Jekyll AWS Comments

Static comments for Jekyll with AWS Lambda and GitHub.


Static web frameworks like Jekyll offer many benefits compared to dynamic ones, such as faster response times and tightened security. However, some features are inherently difficult to realize using only static server code, such as giving users the opportunity to comment on articles or other content. While many publishers choose to circumvent this problem by embedding a third-party service into their website, such services usually either require a monthly subscription or operate on the basis of advertisement and user tracking. Moreover, it is not clear whether and in what form it is possible to migrate user comments in the event such a service shuts down or decides to change its terms of use. Instead, given that many blogs are hosted on GitHub, why not store comments together with the rest of the content in the repository? For us as the consumer of the comment, this is ideal because the comment is stored in the same format as the corresponding article and we can use regular Jekyll to generate the HTML output. However, this leaves open the question how the casual commenter can put her comment in the repository. If the commenter is familiar with Jekyll, she could certainly clone the repository and make a pull request. However, not everybody has a GitHub account, and the effort of cloning a repository and opening a pull request just to leave a comment on an article is way too high.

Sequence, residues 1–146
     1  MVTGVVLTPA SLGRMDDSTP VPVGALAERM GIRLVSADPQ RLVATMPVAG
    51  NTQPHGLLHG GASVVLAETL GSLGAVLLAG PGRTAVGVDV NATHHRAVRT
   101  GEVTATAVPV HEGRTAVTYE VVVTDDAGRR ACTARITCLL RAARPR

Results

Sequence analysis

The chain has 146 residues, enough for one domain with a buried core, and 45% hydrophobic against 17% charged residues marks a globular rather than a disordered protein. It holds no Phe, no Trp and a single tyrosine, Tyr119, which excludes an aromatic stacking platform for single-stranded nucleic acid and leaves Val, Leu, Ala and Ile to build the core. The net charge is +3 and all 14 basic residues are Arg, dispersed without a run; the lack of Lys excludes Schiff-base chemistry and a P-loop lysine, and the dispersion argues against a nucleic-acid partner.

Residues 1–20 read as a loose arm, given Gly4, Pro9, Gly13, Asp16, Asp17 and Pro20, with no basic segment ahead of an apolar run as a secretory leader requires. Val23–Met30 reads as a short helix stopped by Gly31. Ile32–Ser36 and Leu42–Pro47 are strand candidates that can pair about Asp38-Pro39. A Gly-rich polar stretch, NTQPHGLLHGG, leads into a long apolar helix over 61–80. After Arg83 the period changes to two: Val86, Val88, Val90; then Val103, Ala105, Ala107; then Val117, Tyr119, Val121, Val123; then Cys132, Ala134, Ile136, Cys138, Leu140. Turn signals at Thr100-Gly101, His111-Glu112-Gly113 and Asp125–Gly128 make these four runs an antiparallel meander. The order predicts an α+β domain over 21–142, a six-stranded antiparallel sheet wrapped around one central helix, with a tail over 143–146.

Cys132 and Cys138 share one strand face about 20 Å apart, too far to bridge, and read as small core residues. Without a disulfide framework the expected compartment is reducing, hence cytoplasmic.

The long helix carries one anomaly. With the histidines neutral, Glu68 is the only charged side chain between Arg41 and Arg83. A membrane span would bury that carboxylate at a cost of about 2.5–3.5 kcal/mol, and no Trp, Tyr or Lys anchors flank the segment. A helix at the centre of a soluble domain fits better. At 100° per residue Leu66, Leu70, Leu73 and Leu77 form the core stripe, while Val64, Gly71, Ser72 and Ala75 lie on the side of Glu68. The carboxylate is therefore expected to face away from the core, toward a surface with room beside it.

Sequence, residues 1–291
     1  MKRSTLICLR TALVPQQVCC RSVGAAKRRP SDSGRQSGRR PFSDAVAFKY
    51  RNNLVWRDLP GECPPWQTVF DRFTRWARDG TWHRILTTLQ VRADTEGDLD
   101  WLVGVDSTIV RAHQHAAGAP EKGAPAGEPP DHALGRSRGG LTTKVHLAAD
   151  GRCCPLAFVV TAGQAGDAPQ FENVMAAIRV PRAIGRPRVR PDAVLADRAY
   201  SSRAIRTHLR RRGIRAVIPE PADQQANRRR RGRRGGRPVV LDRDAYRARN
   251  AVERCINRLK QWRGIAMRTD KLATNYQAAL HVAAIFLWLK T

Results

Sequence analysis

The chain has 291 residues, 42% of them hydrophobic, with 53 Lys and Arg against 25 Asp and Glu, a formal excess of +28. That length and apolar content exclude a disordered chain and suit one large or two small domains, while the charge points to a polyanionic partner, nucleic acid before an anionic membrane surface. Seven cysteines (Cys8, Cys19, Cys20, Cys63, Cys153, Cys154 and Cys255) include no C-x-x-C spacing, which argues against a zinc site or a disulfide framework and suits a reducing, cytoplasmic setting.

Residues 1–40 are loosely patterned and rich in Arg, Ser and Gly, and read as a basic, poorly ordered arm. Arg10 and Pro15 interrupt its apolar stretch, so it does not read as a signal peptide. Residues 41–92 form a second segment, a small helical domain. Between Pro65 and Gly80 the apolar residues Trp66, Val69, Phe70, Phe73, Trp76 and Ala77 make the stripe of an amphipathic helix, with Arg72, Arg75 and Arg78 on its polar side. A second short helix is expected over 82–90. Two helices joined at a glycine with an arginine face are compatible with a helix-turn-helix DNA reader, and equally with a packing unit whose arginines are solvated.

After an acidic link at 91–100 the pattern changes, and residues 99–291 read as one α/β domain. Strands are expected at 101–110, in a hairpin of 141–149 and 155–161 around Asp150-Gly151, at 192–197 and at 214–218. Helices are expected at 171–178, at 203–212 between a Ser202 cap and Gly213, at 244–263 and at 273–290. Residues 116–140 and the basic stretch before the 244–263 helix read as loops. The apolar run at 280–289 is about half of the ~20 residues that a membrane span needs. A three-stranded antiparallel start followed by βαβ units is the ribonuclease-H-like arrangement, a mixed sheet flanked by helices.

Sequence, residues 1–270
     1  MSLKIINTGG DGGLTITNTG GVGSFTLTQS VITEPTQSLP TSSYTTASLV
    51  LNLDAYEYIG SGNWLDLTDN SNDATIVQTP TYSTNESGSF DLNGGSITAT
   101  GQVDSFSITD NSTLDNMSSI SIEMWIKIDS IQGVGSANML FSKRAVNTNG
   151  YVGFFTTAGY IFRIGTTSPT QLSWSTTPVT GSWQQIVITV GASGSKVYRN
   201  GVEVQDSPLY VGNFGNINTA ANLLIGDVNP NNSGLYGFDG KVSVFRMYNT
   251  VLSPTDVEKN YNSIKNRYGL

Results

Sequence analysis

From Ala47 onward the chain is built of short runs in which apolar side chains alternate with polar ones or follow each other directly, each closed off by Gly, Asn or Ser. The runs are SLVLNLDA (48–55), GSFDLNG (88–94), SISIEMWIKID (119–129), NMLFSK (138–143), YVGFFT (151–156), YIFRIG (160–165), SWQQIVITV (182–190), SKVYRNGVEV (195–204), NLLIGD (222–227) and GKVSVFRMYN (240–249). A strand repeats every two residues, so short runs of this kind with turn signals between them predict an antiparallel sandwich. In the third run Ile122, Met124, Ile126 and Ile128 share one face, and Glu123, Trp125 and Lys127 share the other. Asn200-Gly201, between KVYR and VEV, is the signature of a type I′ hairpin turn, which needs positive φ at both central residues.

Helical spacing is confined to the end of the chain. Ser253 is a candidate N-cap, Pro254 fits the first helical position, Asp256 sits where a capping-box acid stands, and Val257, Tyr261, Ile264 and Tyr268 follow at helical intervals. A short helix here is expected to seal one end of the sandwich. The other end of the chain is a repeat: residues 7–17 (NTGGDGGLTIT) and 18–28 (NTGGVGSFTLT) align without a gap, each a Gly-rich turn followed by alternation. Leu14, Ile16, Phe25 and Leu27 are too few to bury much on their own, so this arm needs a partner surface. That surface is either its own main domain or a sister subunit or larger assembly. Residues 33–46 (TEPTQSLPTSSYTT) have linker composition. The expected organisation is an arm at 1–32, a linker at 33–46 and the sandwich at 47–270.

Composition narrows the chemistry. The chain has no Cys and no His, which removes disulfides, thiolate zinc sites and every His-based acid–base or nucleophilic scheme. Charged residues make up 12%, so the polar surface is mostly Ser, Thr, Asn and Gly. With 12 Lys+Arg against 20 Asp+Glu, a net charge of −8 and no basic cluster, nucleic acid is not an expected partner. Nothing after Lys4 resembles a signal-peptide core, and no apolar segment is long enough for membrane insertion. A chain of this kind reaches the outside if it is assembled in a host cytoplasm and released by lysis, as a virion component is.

Using AWS Lambda and Amazon API Gateway, we can automate the process of taking the raw comment as input by the user in a regular web form, converting it into the right format and opening a pull request on the source repository. If you as the site owner decide to merge the pull request, the comment is stored with your content in the repository and you are free to edit it afterwards with the rest of your content. Since Amazon only charges for calls to your API (and lambda function), you also only need to pay for each comment that is received and processed. In fact, if you only receive a moderate number of comments per month, the costs will be barely noticeable (and most likely be covered by the free tier during the first year).